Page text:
The commercial breakthrough for megastars KISS was 1976’s Destroyer, a slick polished hard rock album that contained the ballad “Beth,” the band’s most successful single. After its release the band faced a critical fork in the road. Either they could continue down path of mainstream success and seek to continue to appeal to their ever-growing fanbase or they could shake up the formula and return to some of the grit and urgency of their first three studio albums and the groundbreaking concert record Alive. After carefully weighing their options KISS returned to their roots and wrote Rock and Roll Over, which was released on Nov. 11, 1976, less than eight months after Destroyer hit the shelves.
From the blues sleaze rock of the opening track “I Want You” to the gruff, melodic pop of “Hard Luck Woman” — with vocals by drummer Peter Criss — Rock and Roll Over is an everyman’s journey through the band’s two most valued elements: girls and kicking ass.
To give the album the spirit and echo of a live show, producer Eddie Kramer recorded Criss’ drums in a bathroom, with the artist connected to his band mates via a video conference link. The rest of the group tracked from the stage of the Star Theatre in Nanuet, New York.
KISS, “Hard Luck Woman”
With a more immediate sound, KISS were able to present infectious rock songs, including “Take Me” and “Ladies Room” without sacrificing the raw power the band strived for. To perpetuate their superhero image, KISS hired artist Michael Doret to create the iconic cover, which featured cartoon heads of the four band members in face makeup inside a round ring of lightning. Each musician appears like a deity. Gene Simmons’ hair is ablaze and his serpentine tongue uncurls lasciviously. Criss has a forcefield around his head; Ace Frehley shoots laser beams from his eyes and Paul Stanley sports what appear to be orange wings. KISS hired Doret again to design the cover art for 2009’s Sonic Boom.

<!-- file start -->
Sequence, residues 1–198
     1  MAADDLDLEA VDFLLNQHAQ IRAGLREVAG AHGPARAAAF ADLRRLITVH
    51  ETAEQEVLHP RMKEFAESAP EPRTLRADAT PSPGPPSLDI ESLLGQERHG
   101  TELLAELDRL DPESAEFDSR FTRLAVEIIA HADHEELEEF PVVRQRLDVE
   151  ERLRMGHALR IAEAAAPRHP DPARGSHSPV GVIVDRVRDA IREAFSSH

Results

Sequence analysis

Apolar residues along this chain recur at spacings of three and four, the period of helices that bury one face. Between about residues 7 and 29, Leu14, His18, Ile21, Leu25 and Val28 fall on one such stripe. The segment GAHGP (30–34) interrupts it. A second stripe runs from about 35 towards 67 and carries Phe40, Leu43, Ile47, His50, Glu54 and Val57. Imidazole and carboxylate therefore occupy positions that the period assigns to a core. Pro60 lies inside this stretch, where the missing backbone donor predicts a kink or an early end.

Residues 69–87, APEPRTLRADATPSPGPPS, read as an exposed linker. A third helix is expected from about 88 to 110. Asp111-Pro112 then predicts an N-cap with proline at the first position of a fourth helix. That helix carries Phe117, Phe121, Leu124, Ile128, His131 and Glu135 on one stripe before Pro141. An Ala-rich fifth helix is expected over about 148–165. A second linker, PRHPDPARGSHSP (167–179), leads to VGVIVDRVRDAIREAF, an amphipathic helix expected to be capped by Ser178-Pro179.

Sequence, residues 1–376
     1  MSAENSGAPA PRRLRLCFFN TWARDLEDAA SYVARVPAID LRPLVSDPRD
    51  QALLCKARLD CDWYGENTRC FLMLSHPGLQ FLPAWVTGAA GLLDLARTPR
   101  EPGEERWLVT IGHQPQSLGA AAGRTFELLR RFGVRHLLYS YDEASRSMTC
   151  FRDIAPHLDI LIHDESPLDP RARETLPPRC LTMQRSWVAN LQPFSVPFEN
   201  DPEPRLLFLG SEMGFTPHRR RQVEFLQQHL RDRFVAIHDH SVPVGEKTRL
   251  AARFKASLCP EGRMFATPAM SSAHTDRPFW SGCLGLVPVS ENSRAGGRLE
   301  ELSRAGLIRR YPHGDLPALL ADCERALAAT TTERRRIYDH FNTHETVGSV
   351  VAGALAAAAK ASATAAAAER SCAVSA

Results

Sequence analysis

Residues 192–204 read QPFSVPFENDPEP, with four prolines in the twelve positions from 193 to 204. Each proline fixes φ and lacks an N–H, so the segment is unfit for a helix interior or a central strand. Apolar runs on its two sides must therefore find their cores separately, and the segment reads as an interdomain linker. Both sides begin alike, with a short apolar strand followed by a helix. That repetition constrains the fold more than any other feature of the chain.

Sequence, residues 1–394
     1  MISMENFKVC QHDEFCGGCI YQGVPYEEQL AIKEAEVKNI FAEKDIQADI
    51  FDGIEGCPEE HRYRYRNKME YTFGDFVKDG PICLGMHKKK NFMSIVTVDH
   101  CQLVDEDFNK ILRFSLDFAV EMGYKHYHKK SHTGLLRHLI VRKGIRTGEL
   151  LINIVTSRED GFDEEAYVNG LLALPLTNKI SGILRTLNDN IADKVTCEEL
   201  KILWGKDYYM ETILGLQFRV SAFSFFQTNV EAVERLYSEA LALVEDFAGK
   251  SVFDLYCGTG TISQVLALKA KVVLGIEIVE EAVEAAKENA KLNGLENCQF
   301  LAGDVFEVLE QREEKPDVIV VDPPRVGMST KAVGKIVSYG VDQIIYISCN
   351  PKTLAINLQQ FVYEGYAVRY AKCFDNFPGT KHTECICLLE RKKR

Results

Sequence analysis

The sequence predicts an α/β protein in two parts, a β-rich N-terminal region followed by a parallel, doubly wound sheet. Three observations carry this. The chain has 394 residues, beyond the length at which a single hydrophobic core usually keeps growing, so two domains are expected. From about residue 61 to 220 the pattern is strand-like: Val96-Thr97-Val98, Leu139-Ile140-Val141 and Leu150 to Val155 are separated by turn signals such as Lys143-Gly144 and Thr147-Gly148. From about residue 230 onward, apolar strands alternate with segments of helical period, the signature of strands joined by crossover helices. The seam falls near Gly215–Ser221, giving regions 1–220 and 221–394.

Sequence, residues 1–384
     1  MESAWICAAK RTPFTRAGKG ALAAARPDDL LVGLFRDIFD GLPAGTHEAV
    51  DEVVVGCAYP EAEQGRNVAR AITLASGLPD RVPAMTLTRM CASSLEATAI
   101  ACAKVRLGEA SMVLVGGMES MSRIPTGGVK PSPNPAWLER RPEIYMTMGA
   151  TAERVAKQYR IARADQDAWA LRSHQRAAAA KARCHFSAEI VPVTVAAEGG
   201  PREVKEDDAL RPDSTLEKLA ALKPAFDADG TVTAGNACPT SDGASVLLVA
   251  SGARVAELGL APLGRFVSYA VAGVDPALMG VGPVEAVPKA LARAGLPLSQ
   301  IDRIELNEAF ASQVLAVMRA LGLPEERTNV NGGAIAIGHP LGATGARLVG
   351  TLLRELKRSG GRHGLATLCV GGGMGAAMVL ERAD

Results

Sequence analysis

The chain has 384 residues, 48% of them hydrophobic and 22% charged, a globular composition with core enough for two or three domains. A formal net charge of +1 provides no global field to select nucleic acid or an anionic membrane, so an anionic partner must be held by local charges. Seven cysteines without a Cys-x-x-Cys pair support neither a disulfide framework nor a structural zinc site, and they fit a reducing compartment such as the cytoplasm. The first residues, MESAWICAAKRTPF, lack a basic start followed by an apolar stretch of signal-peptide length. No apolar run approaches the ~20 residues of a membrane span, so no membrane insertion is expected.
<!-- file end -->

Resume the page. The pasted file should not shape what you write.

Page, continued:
Like many of their early albums, KISS recorded Rock And Roll Over in less than two months. Released at the peak of the band’s popularity, the album entered the Billboard album chart at No. 11, thanks in part to the singles “Hard Luck Woman” and “Calling Dr. Love.” Stanley originally wrote the former with the intention of giving it to Rod Stewart, who no doubt would have turned it into a top-charting hit. But Simmons convinced Stanley to keep the song for KISS, so Stanley gave it to Criss and the number became a Top 20 song on the Singles chart. “Calling Dr. Love” fared even better, peaking at No. 16 on the Billboard chart. Simmons wrote the song at a Holiday Inn in Evansville, Indiana and the title was inspired by a hospital intercom announcement in the Three Stooges film Men in Black.
KISS, “Calling Dr. Love”
Rock and Roll Over went platinum Jan. 5, 1977, just over three months after its release. The album was released at the peak of KISS’ popularity and the members were able to capitalize with a line of merchandise, their loyal fan club the KISS Army and pyrotechnic concerts that upped the ante on what the band was capable of onstage.
Loudwire contributor Jon Wiederhorn is the author of Raising Hell: Backstage Tales From the Lives of Metal Legends, co-author of Louder Than Hell: The Definitive Oral History of Metal, as well as the co-author of Scott Ian’s autobiography, I’m the Man: The Story of That Guy From Anthrax, and Al Jourgensen’s autobiography, Ministry: The Lost Gospels According to Al Jourgensen and the Agnostic Front book My Riot! Grit, Guts and Glory.
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